1985 there were three newspapers of issue in Dover . "Delaware State News" daily since 1985, owned by Independent Newspapers Inc., with officers, Joe smyth, I.D. Baily and Karen Walters. A Sunday edition was added in 1871. "Delaware Post", weekly, Don Flood, editor, Marie Marchese and Ann Biyer staff wrighters, Jim Flood Sr., publisher. The "Sentinal" a weekly, Jack Costello, editor, Roy Shielfs, owner.
Transcribed from "Tricentennial View Of Dover, 1683-1983"

Saturday, December 10, 2011


Article from the August 8th 1891 issue of the newspaper PEOPLE.
A unique Industry on the Delaware River
That Lasts Three Months
Down along the shores of Delaware Bay, on both the New Jersey and Delaware sides, there is a thriving industry which is seldom heard of and still more seldom seen in operation or has fewpeople stop to inquire into it.
It is the King Crab fishery and last year 1,674,00 of the ha shelled crustaceous fellows were taken from their native element, while past years the yield has reached 5.000,000. The season lasts three months.
Thfishery for the king crab, while nit primarily intended to provide a food product does furnish one of the best fertilizers known.
A trip down the bay proves the industry to be flourishing condition and seems to center on the Jersey side, between Cape May Point and Heislerville, twenty mile above and seven/eights of the entire catch is made between Dennisville and Fishing Creek. At Goshen, Dias Creek and Green Creek the catch was between 335,000, 410,000 and 411,000 crabs respectively.
Two forms of appatatus are in common use along the Jersey Shore, one resembles a type of 'pound net', but the the other is unlike and thing used in waters of the United States and is designed especially for this fishery.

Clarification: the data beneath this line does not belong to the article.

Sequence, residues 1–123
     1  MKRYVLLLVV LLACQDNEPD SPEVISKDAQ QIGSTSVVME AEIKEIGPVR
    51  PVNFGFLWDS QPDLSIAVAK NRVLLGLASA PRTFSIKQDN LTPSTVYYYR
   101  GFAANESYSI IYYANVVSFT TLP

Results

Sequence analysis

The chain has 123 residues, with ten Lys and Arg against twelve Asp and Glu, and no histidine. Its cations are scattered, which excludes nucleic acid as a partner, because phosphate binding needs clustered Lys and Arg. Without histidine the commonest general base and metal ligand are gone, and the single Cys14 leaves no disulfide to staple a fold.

The wood stakes that form the frame for the 'pound' are 8 to 10 feet long and 4 to 6 inches diameter, pleaced 4 to 6 feet apart. To the bottom of the stakes, called the 'hedge' , one inch boards are nailed on, one foot or slightly higher. This forms the 'bowl'. The door to the first bowl is 18 or 24 inch wide and the door to the second bowl is in narrower to prevent too many crabs to enter. Netting is either twine or chicken wire.
Then there is the 'weir or stake net as it is called here, and is different than the pound net. It has poles driven into the muddy or sandy bottom so as to form a 'hedge', wings, bowl or pound . The poles are placed about 3 inches apart to allow the sea to flow through them. This bowl is semicircular in shape, the extremies of the brushwork is about midway the pound. The capacity is controled by the leader door to the pound and is the most important feature of the apparatus. It consist of a wedge shaped platform, five foot long, and is inclined at a gentle angle, not too smooth, otherwise the crabs canot walk upon it. There is a floor to the pound, made from cheap boards, so that the crabs will not scratch hols in the mud or sand, loosening the frameiing poles.
This story was told by Hugh M. Smith of the United States Fishery Commission.